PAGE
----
The Expanding Redmond Universe
The more, the merrier.
There are three Redmonds. The word is a nickname for Microsoft, a company so
aggressive it makes Mike Tyson look like a wimp. There's also Redmond
magazine, named after the nickname given to Microsoft. Oh, and then there's
also that little city in Washington!
While Microsoft is reporting record revenues, well on its way to becoming a
$50 billion company, the Redmond Media Group is actually expanding a good deal
In 2004 we had one magazine -- Redmond. In 2005 we launched Redmond
Channel Partner for resellers, VARs and systems integrators. Last November
we kicked out our third new magazine in 25 months with the debut of Redmond
Developer News for corporate software developers. I happen to think that
Redmond Developer News is very, very cool.
I'm losing count of all the other new stuff -- three e-mail newsletters, three
new Web sites and one new event.
That was all according to our grand plan: To cover the entire Microsoft business-to-business
If you think we're ambitious, get a load of the owners of our company. A month
after we dipped our toes into the developer space, our owners threw us all the
way into the pool by buying Fawcette Technical Publications (FTP) and giving
it to us to run!
Some might not recognize the FTP name, but all must recognize at least one
of its products. There's Java Pro, Enterprise Architect, .NET
Magazine and Windows Server Systems Magazine, all of which are alive
and well on the Web. The crown jewel in this deal is clearly Visual Studio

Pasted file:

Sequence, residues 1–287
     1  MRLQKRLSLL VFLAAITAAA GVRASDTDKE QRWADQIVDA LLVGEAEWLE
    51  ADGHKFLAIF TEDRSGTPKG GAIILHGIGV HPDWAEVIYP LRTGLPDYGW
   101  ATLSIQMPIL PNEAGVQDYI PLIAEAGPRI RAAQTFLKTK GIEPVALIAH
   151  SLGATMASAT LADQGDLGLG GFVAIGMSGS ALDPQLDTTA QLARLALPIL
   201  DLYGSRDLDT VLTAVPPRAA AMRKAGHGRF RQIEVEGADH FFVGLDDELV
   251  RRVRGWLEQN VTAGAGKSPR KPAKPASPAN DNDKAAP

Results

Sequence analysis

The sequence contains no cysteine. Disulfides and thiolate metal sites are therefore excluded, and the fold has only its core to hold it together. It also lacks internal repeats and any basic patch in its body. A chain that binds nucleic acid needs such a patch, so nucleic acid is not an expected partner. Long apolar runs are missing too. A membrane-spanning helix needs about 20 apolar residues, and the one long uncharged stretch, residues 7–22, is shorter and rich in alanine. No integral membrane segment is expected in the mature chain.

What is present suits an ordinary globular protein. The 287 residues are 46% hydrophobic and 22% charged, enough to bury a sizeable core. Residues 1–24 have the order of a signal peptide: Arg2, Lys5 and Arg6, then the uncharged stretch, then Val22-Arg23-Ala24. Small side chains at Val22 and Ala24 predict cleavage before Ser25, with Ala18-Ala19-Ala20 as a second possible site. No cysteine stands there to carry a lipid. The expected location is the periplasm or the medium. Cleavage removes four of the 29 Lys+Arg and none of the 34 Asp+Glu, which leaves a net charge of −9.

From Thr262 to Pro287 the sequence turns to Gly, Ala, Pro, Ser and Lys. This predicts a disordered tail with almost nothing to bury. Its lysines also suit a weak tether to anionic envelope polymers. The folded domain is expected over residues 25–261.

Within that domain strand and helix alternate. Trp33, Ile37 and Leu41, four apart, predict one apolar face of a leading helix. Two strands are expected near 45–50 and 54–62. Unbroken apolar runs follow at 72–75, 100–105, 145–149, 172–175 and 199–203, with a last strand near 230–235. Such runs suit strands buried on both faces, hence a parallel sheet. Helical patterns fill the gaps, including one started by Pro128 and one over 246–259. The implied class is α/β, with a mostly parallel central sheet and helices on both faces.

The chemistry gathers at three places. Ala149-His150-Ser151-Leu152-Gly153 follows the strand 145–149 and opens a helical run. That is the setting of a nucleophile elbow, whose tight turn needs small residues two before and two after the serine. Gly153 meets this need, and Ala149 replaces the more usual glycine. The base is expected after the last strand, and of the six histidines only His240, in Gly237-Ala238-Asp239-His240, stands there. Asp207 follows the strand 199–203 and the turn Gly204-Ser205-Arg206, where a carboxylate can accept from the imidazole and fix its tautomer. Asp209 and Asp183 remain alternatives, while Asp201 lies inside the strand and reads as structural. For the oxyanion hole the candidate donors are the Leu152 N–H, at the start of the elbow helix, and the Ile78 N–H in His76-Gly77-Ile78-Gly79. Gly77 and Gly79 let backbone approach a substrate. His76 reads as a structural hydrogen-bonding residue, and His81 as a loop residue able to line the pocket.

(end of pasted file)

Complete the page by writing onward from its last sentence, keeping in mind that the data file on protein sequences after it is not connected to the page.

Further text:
Magazine, a 15-plus-year-old publication. If you're a VS developer, this
is your bible.
We also scooped up VSLive!, a fantastic show for developers that in recent
years has welcomed Bill Gates and Steve Ballmer as keynoters!
Our group is moving beyond pure Microsoft coverage. We operate ADTmag.com,
a multiplatform development Web site, and ESJmag.com, a site covering mainframes,
super-high-end servers and related applications.
So what's the point of this unceasing bragging, you ask? First, I like to brag
because it's usually the only praise I get. The real reason is to show just
how much content we can now bring you. As of today, we have some 30 newsletters
and more than a dozen high-tech Web sites.
It's clear we've done a lot for you (you can thank us later). Now it's your
turn to give back. Tell me what you love and hate about our Web sites and newsletters.
How can we make them better? What could we do that no one (besides you) has
ever thought of before? What new ones should we launch? My direct pipeline is
Doug Barney is editor in chief of Redmond magazine and the VP, editorial director of Redmond Media Group.